Researchers from the University of Bristol have embarked upon a trial to test an innovative computerised treatment for teaching obese teenagers how to eat healthily. It is hoped that the new treatment will help the adolescents to lose a considerable amount of weight and reap the accompanying health benefits.
The BUPA Foundation has awarded the 30-month project a grant of £120,000, Dr Andrew Vallance-Owen, governor of the BUPA Foundation, said, “Childhood obesity now represents one of the major threats to the future health of children today, often leading to diabetes and heart problems in later life. The BUPA Foundation is extremely encouraged by this trial which is looking at new ways of tackling the problem.”
Five years ago, a clinic was set up to tackle childhood obesity at the Royal Hospital for Children in Bristol. The clinic sees up to 100 children and adolescents between the ages of five and eighteen, spending time with each family discussing the reasons that may have led to obesity, the problems that obesity can cause and possible lifestyle choices associated with a stabilisation or reduction in weight.
“So far we’ve found that younger children respond better to interventions and that many adolescents do not respond to our measures and continue to gain weight. Now we are aiming to recruit as many as 80 teenagers onto our trial. Half will continue with the clinic while the other half will be trained to use a computerised regimen called Mandometer® which has been used to help our more difficult adolescent cases lose weight,” said Dr Julian Hamilton-Shield, consultant senior lecturer in child health at Bristol University.
Developed at the Centre for Eating Disorders in Stockholm, Sweden, Mandometer® teaches patients how to eat and feel full. Consisting of a scale connected to a computer, the patient fills a plate with food and the computer records and stores the weight loss of the plate as the patient eats. The computer generates a “curve of eating rate” and the patient rates his or her level of fullness.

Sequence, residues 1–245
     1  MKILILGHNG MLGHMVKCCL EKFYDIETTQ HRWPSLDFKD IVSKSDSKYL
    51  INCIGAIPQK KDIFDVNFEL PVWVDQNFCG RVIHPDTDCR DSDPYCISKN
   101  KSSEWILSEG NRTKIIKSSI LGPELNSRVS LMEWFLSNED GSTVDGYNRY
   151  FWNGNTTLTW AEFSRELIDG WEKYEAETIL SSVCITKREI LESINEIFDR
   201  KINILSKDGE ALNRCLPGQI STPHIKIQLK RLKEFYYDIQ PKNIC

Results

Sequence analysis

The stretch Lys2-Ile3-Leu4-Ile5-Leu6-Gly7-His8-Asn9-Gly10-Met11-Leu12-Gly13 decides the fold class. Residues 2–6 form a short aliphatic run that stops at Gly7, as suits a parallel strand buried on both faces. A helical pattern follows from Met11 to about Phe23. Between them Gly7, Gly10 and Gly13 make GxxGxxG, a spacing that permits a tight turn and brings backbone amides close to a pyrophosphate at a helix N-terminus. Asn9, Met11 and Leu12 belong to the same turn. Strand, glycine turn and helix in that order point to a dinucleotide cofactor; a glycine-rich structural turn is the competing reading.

Participants in the trial will be given another piece of gadgetry called a Satiety Meter to help them control their food intake between meals. The meter signals at regular intervals, prompting the patient to rate his or her level of fullness. By asking them to rate hunger, the Satiety Meter helps them consider whether or not they are hungry before eating. Finally, each teenager will be given a pedometer and asked to gradually increase the number of steps they take each day.
“All of these resources aim to help teenagers make lifestyle changes that will help them to gain control of their weight. Very importantly, the trial will reward them for changes in their behaviour, not for weight loss,” said Dr Hamilton-Shield.
“We believe this framework will provide the first reproducible and effective management strategy for obese teenagers and adults. We envisage that the basis of this study framework will work in the primary care setting, allowing successful weight control clinics to develop nationally.”